Longtime OSHA Training Institute Education Center instructor Mike Estep recently suggested that we interview Tara Morris after her outstanding participation and performance in his OSHA Standards for General Industry course. I quickly understood early in my conversation with Tara why Mike wanted us to showcase this smart, energetic and caring young woman as an excellent example of the bright future for workplace safety. Tara has already learned a lot about the importance of maintaining a safe work environment, some of it under high-pressure, real-world conditions, and is very focused on pursuing a career in safety.

 

Tara’s interest in occupational safety began to unfold after she joined the US Navy two and a half years ago and started her training as an Aviation Electrician, working with the Navy’s MH-60 Seahawk helicopters. While learning the technical aspects of being an electrician and its application to the MH-60 was key, equally important was understanding the multiple levels of safety standards and in-depth safety protocols involved in handling and maintaining such large aircraft. As Tara says, she and her team had to learn “how not to kill yourself and others.”

 

One of the safety programs Tara participated in was Operational Risk Management (ORM) training, which focuses on reducing or offsetting risks by systematically identifying hazards, assessing and controlling the associated risks, and making decisions based on weighing risks against benefits. Tara felt that ORM training gave her a solid grounding in safety by emphasizing how vital it is to manage risk in every aspect of your job duties.

 

Tara was part of an essential team responsible for taxiing helicopters into hangars after landing and back into position prior to takeoff. She was trained to troubleshoot all electrical aspects of the aircraft and help conduct pilot safety checks before takeoff. She also became certified as a Plane Captain, which entails making sure the helicopter is ready for flight and leading a team of six qualified personnel for the safety of the aircraft move. In this high-pressure situation, Tara acquired and developed firsthand experience in the critical role of keeping herself and her team safe during these complex maneuvers by staying vigilant and alert to potential missteps that could lead to serious injuries or worse.

 

To illustrate the dangers involved with maintaining and moving the MH-60 aircraft, Tara described a near miss incident that she witnessed. A Plane Captain was directing a crew in the movement of the specified aircraft, walking backwards and shuffling side to side to maneuver the aircraft into a confined space. He didn’t notice a puddle of hydraulic fluid behind him and stepped into it, slipped and fell. Other team members followed safety protocol by blowing their required whistles (standard issue gear) to alert the entire crew to stop the aircraft from moving until the Plane Captain could safely move out of the way. Without safety procedures and training, this incident could have easily ended in disaster.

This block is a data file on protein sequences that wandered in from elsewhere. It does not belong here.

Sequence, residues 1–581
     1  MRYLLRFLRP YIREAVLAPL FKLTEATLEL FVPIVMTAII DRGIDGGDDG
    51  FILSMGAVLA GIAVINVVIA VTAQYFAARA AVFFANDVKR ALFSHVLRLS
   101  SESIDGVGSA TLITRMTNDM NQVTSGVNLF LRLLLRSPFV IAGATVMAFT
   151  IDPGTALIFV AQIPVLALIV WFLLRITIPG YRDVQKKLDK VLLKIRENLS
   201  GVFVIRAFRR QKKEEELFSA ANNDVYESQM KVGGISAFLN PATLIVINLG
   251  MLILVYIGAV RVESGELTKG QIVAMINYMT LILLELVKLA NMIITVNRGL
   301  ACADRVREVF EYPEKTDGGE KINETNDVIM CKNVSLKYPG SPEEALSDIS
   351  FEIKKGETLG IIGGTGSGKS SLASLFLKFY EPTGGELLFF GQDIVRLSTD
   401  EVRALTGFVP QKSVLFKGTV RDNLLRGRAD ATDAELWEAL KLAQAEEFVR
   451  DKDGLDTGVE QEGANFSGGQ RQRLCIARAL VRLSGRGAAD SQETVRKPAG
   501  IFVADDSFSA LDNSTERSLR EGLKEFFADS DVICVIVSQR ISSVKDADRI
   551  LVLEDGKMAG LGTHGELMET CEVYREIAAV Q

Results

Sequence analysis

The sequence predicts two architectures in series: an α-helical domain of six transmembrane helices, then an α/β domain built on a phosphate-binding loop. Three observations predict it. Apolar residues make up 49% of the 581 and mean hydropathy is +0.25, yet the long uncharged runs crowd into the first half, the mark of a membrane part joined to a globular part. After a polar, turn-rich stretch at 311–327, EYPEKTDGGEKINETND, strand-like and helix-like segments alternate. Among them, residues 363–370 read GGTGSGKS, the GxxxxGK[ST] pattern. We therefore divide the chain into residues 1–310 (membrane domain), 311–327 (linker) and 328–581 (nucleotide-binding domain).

One of the numerous challenges Tara experienced in her Naval duties was the fact that many of her fellow crew members were only 19 or 20 years old. While everyone received extensive training on the technical and safety aspects of the job, these younger sailors were relatively inexperienced and sometimes needed extra attention and reminders regarding professionalism and safety. Since Tara is older than many on the team (all of 29!), when she tried to give them extra guidance, they sometimes referred to her as the mom, a role she was happy to play if it meant keeping the team safer.

 

Tara credits her mentor, a First Class Petty Officer, with suggesting that she explore her interest in safety by taking an OSHA 10-Hour class, which sparked her interest and motivated her to continue expanding her safety education. She also expressed gratitude for the support she received from Russell Levy, Founder & President of Veterans Transition Support, who offered valuable information and encouraged her to keep on the safety track. Tara’s next step was to take the OSHA 30-Hour class, where she was inspired by veterans speaking about how they had pursued careers with OSHA. Tara later enrolled in OSHA #511 and being one of the youngest participants didn’t hinder her from becoming an exceptional student.

 

Tara will be leaving the Navy in September and plans to stay focused on furthering her education in safety and other subjects that will support her goal of a safety career. She is taking online OSHA classes and studying Lean Six Sigma to learn how to present cost/benefit analyses to management in support of workplace safety. She is also considering pursuing a bachelor’s degree in Industrial Hygiene. In the meantime, she will be on the lookout for an opening as a safety assistant or other entry level position that will allow her to gain more on-the-job experience.

 

Tara ultimately wants to become “the best Safety Manager I can be.” She says, “People are my passion, safety is my mission” and believes that building trust with others is essential to being effective in supporting safety in the workplace. We are excited to welcome Tara Morris to the occupational safety and health community and look forward to watching her grow and develop as part of the next generation of safety professionals.